Archives de catégorie : CloudFlare

The History of Email

This was adapted from a post which originally appeared on the Eager blog. Eager has now become the new Cloudflare Apps.


— Text of the first email ever sent, 1971

The ARPANET (a precursor to the Internet) was created “to help maintain U.S. technological superiority and guard against unforeseen technological advances by potential adversaries,” in other words, to avert the next Sputnik. Its purpose was to allow scientists to share the products of their work and to make it more likely that the work of any one team could potentially be somewhat usable by others. One thing which was not considered particularly valuable was allowing these scientists to communicate using this network. People were already perfectly capable of communicating by phone, letter, and in-person meeting. The purpose of a computer was to do massive computation, to augment our memories and empower our minds.

Surely we didn’t need a computer, this behemoth of technology and innovation, just to talk to each other.

The computers which sent (and received) the first email.

The history of computing moves from massive data processing mainframes, to time sharing where many people share one computer, to the diverse collection of personal computing devices we have today. Messaging was first born in the time sharing era, when users wanted the ability to message other users of the same time shared computer.

Unix machines have a command called write which can be used to send messages to other currently logged-in users. For example, if I want to ask Mark out to lunch:

$ write mark
write: mark is logged in more than once; writing to ttys002

Hi, wanna grab lunch?

He will see:

Message from [email protected] on ttys003 at 10:36 …
Hi, wanna grab lunch?

This is absolutely hilarious if your coworker happens to be using a graphical tool like vim which will not take kindly to random output on the screen.

Persistant Messages

When the mail was being developed, nobody thought
at the beginning it was going to be the smash hit
that it was. People liked it, they thought it was
nice, but nobody imagined it was going to be the
explosion of excitement and interest that it
became. So it was a surprise to everybody, that it
was a big hit.

— Frank Heart, director of the ARPANET infrastructure team

An early alternative to Unix called Tenex took this capability one step further. Tenex included the ability to send a message to another user by writing onto the end of a file which only they could read. This is conceptually very simple, you could implement it yourself by creating a file in everyones home directory which only they can read:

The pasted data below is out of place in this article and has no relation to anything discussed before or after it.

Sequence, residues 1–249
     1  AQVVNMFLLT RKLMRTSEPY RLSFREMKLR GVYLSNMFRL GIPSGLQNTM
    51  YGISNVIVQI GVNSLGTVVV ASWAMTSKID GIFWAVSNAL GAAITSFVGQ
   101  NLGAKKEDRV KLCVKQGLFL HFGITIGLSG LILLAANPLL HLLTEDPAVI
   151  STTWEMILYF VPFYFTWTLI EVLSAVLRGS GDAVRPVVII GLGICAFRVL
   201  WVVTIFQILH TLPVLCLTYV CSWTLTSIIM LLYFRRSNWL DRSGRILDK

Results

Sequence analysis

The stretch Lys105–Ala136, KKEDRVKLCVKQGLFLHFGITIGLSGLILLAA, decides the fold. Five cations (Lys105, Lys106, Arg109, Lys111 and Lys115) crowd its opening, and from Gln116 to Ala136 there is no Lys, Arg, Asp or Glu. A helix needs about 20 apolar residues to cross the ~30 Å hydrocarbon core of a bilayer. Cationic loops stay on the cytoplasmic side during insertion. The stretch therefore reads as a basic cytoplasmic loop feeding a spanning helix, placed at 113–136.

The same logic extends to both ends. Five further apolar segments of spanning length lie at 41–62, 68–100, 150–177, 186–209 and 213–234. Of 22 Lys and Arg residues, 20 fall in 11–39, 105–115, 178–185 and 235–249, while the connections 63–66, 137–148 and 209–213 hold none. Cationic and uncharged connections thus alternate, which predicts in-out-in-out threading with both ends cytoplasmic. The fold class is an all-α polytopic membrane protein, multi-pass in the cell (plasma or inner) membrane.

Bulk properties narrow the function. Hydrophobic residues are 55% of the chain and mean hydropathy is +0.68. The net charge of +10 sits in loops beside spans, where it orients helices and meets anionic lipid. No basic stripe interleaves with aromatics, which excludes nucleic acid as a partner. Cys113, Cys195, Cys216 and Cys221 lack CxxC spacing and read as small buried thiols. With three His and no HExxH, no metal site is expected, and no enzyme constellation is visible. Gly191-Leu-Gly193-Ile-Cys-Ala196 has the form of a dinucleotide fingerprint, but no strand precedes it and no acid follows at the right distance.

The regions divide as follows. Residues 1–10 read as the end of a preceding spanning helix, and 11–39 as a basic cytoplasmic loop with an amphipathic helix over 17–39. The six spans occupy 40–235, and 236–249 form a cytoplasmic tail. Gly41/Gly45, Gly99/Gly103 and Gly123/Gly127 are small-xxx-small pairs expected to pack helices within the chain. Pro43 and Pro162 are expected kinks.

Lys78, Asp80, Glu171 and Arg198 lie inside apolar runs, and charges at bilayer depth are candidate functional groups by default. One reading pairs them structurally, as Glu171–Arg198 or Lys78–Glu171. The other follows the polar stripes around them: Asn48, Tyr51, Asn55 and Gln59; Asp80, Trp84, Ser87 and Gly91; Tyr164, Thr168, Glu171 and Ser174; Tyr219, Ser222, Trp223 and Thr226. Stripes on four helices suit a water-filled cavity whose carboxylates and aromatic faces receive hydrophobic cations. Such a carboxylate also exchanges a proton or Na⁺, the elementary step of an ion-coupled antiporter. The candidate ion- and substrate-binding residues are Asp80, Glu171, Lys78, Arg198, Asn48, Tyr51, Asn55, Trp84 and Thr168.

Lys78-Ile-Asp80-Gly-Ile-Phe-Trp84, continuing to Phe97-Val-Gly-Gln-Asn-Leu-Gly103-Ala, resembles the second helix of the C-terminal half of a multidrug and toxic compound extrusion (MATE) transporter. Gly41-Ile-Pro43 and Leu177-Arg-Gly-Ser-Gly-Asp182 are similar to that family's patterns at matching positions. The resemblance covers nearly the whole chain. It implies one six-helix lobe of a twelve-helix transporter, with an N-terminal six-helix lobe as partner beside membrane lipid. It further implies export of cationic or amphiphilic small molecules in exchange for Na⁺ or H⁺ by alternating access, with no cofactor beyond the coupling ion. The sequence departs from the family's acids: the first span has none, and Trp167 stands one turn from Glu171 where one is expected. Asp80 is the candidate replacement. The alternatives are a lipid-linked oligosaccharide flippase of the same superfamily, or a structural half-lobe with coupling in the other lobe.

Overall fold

mkdir ~/messages
chmod 0442 ~/messages

Anyone who wants to send a message just has to append to the file:

echo “🍕?n” >> /Users/zack/messages

This is, of course, not a great system because anyone could delete your messages! I trust the Tenex implementation (called SNDMSG) was a bit more secure.


In 1971, the Tenex team had just gotten access to the ARPANET, the network of computers which was a main precursor to the Internet. The team quickly created a program called CPYNET which could be used to send files to remote computers, similar to FTP today.

One of these engineers, Ray Tomlinson, had the idea to combine the message files with CPYNET. He added a command which allowed you to append to a file. He also wired things up such that you could add an @ symbol and a remote machine name to your messages and the machine would automatically connect to that host and append to the right file. In other words, running:

SNDMSG [email protected]

Would append to the /Users/zack/messages file on the host cloudflare. And email was born!


The CPYNET format did not have much of a life outside of Tenex unfortunately. It was necessary to create a standard method of communication which every system could understand. Fortunately, this was also the goal of another similar protocol, FTP. FTP (the File Transfer Protocol) sought to create a single way by which different machines could transfer files over the ARPANET.

FTP originally didn’t include support for email. Around the time it was updated to use TCP (rather than the NCP protocol which ARPANET historically used) the MAIL command was added.

$ ftp
< open bbn

> 220 HELLO, this is the BBN mail service

< MAIL zack

> 354 Type mail, ended by <CRLF>.<CRLF>

< Sup?
< .

> 250 Mail stored

These commands were ultimately borrowed from FTP and formed the basis for the SMTP (Simple Mail Transfer Protocol) protocol in 1982.


The format for defining how a message should be transmitted (and often how it would be stored on disk) was first standardized in 1977:

Date : 27 Aug 1976 0932-PDT
From : Ken Davis <KDavis at Other-Host>
Subject : Re: The Syntax in the RFC
To : George Jones <Group at Host>,
Al Neuman at Mad-Host

There’s no way this is ever going anywhere…

Note that at this time the ‘at’ word could be used rather than the ‘@’ symbol. Also note that this use of headers before the message predates HTTP by almost fifteen years. This format remains nearly identical today.

The Fifth Edition of Unix used a very similar format for storing a users email messages on disk. Each user would have a file which contained their messages:

From MAILER-DAEMON Fri Jul 8 12:08:34 1974
From: Author <[email protected]>
To: Recipient <[email protected]>
Subject: Save $100 on floppy disks

They’re never gonna go out of style!

From MAILER-DAEMON Fri Jul 8 12:08:34 1974